Hardcore beer geeks like us obsess over details of ownership and history but, barring the odd scandal, most people (generalisation klaxon) don’t, just as we don’t keep tabs on who owns which car firms these days, or which chocolate bar brands.

Craft Cider, 1946

While we’ve lost the will to debate the meaning of ‘craft’ in relation to beer we remain on the look out for evidence of how the term took hold.

In 1946, Batsford (as in the pub guides) published a book called English Country Crafts by Norman Wymer. Most of it concerns, e.g., woodworking but there is a brief mention of cider-making:

Maybe it can hardly be called a craft in the strict sense, but cider-making is an interesting old country work… and is, I think, worth a mention… Modern methods of processing and bottling have caused cider, as sold in most parts, to deprecate in taste, while the large firms now buy up the farmers’ apples in such huge quantities that the old-style cider-making has almost died out… There is as much difference between the machine- and the home-made cider as between mass-produced and hand-made articles. If you doubt it, try a glass of each and judge for yourself. Then you will see why cider-making is regarded as a country craft.

Craft, modern methods, old-style, machine-made, home-made,hand-made, mass-produced… How do you like them apples? (Ahem… sorry…)

On the other side of the coin, Paul Jennings’s The Local (2007) quotes Charles Barclay of Barclay Perkins describing himself and his peers, in 1830, rather wonderfully, as ‘power-loom brewers’.

Main image source.

Drink It Until You Like It

In his essay ‘The Man Who Ate Everything’ Jeffrey Steingarten argues that (a) food critics really cannot claim authority if they have aversions to particular ingredients; and (b) that such aversions, should they exist, can be fairly easily overcome.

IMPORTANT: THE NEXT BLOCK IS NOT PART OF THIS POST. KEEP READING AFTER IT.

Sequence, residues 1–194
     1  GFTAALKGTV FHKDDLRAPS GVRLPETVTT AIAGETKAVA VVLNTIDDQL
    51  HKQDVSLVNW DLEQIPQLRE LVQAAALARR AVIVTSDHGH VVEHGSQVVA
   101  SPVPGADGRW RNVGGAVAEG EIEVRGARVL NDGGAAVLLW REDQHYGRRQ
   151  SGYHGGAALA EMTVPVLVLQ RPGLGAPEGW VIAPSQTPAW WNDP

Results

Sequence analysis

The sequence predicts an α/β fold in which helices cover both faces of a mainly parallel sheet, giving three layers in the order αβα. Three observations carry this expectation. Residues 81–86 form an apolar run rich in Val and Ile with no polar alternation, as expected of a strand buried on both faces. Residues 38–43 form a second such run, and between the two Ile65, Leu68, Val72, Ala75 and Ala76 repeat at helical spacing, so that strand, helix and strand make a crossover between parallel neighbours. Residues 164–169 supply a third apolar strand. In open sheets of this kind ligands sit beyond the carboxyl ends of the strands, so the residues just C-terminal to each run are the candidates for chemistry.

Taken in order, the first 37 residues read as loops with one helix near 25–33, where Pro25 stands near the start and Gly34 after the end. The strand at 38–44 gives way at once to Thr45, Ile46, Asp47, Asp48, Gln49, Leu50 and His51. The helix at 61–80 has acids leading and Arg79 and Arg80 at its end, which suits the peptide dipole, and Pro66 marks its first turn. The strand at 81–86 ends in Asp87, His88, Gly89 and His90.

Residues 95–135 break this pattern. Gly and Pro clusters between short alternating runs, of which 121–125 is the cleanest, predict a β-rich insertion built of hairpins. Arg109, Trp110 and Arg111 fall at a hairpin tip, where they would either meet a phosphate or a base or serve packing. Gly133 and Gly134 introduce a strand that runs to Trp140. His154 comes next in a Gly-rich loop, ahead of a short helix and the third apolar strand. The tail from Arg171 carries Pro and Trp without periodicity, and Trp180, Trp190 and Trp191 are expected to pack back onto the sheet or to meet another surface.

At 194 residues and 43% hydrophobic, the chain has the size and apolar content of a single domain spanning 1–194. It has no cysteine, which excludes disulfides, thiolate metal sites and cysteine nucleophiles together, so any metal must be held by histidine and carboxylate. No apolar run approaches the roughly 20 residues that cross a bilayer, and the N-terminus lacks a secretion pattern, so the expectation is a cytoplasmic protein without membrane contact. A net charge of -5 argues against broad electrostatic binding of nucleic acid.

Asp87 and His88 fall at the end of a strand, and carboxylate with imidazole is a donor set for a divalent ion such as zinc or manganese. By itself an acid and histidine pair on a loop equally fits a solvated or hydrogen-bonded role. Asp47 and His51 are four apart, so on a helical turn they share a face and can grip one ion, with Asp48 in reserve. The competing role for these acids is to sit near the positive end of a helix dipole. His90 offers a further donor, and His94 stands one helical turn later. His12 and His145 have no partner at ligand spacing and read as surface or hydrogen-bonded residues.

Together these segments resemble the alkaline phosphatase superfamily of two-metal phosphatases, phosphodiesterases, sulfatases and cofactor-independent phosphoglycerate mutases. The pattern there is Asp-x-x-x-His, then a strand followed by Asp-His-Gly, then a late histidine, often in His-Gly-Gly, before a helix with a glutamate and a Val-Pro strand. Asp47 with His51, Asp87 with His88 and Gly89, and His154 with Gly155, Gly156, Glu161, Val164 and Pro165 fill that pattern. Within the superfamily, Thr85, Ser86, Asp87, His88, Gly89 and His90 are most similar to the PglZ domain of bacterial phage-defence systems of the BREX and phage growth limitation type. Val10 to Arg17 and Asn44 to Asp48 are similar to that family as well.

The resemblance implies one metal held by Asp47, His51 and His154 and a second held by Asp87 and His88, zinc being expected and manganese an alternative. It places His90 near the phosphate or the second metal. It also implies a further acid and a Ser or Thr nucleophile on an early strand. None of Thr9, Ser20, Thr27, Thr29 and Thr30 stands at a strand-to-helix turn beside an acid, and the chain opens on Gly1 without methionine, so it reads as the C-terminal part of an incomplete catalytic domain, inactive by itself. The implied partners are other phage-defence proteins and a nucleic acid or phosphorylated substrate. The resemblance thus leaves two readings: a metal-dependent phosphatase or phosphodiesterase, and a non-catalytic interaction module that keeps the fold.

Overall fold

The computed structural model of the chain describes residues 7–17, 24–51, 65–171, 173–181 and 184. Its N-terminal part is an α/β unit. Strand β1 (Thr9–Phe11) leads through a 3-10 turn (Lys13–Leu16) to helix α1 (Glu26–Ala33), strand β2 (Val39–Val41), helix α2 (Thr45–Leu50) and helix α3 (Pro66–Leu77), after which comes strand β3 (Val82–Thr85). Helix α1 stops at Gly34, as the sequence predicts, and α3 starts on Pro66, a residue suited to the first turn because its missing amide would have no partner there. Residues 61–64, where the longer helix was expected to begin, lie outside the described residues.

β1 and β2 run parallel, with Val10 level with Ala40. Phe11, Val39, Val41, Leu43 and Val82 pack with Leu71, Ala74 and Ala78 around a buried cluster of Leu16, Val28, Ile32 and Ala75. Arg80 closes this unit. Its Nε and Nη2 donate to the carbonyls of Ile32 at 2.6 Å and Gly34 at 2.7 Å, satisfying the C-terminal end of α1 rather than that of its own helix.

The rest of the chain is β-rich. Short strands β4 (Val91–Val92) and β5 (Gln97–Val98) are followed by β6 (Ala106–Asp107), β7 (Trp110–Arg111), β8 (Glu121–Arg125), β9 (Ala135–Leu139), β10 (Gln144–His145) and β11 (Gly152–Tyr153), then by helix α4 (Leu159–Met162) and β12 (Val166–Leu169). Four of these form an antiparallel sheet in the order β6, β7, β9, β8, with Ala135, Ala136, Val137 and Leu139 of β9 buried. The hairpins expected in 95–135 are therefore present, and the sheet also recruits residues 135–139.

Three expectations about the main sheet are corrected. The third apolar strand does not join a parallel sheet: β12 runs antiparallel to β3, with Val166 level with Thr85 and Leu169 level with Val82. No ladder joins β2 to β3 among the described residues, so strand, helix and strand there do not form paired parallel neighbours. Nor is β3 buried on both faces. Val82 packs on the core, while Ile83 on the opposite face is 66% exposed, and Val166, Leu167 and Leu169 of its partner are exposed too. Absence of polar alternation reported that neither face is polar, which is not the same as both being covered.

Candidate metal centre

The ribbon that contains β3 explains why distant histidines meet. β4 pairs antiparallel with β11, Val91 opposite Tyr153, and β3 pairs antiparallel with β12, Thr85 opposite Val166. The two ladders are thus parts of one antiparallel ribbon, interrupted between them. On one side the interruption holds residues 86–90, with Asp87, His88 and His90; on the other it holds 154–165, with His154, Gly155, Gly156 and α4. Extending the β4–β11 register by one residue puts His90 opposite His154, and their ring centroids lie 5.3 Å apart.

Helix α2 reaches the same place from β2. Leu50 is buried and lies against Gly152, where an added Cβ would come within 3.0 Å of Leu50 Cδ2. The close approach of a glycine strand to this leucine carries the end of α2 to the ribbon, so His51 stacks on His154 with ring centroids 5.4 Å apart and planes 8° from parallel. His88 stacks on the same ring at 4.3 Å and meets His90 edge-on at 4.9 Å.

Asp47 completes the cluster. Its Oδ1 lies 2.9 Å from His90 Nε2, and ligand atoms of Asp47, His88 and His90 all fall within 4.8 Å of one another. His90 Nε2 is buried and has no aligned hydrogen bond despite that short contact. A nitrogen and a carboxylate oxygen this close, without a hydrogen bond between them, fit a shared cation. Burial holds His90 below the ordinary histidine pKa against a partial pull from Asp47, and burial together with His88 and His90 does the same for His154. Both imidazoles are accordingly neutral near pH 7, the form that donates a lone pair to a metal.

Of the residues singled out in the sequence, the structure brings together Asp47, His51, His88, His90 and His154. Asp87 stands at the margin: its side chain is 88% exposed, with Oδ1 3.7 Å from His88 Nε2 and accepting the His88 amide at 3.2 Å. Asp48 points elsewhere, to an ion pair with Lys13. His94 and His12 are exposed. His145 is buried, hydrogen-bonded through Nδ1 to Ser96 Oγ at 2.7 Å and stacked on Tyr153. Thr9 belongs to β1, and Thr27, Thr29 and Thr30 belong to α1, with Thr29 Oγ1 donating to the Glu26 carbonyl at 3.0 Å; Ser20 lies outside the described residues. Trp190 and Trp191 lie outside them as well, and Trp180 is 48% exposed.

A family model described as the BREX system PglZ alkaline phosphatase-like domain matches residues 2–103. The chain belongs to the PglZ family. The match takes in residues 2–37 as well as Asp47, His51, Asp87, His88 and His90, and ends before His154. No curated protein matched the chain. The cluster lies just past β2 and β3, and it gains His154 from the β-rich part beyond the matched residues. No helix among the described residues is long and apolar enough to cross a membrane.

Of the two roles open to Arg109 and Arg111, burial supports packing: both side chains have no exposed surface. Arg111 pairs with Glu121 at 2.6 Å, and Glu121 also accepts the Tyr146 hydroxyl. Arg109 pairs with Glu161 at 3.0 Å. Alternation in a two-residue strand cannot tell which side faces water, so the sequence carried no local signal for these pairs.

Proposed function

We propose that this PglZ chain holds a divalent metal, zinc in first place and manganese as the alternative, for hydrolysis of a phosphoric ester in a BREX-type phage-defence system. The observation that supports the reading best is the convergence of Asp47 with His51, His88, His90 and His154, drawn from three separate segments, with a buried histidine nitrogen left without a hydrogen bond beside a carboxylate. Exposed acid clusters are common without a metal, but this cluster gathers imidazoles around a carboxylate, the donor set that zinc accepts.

When it comes to beer there are people who don’t like lager, or find stout too intense, or think hoppy IPAs ‘taste like a mouthful of soap‘. Some people just don’t like beer full stop. There’s nothing wrong with that — people ought to drink what they enjoy drinking — but those who have a niggling sense that they’re missing out could try Steingarten’s method:

We come into the world with a yen for sweets… and a weak aversion to bitterness, and after four months develop a fondness for salt… And that’s about it. Everything else is learned. Newborns are not repelled even by the sight and smell of putrefied meat crawling with maggots… Most parents give up trying novel foods on their weanlings after two or three attempts and then complain to the pediatrician; this may be the most common cause of fussy eaters and finicky adults — of omnivores manqués. Most babies will accept nearly anything after eight or ten tries.

With that principle in mind, after eating each on ten or so different occasions, Steingarten grew to love kimchi (Korean pickle), clams, anchovies, and various other foodstuffs that had previously made him turn green. In most cases, it seems that exposure wasn’t really the key — it was actually forcing himself to eat enough examples that he eventually happened upon a good one — but the message is the same: keep trying.

For this to work in weaning you on to a beer style of which you are sceptical you would, like Steingarten, have to genuinely want to get to like it. If you are determined to resist because, for example, not liking lager is a dogmatic position rather than really a matter of taste, it wouldn’t make any difference.

You might also, we suppose, use the same technique to increase your tolerance for extremes of bitterness, sweetness, sourness, booziness, yeastiness, or whatever characteristic it is in general that you find challenging in beer.

But it probably won’t help you learn to love a beer that is just, at it’s core, a bit shit.

We’re not quite sure of the publication history of the essay: it’s dated 1989 and 1996 in the book of the same name so we think it must have appeared in Vogue in 1989. You can read it in full on the New York Times website.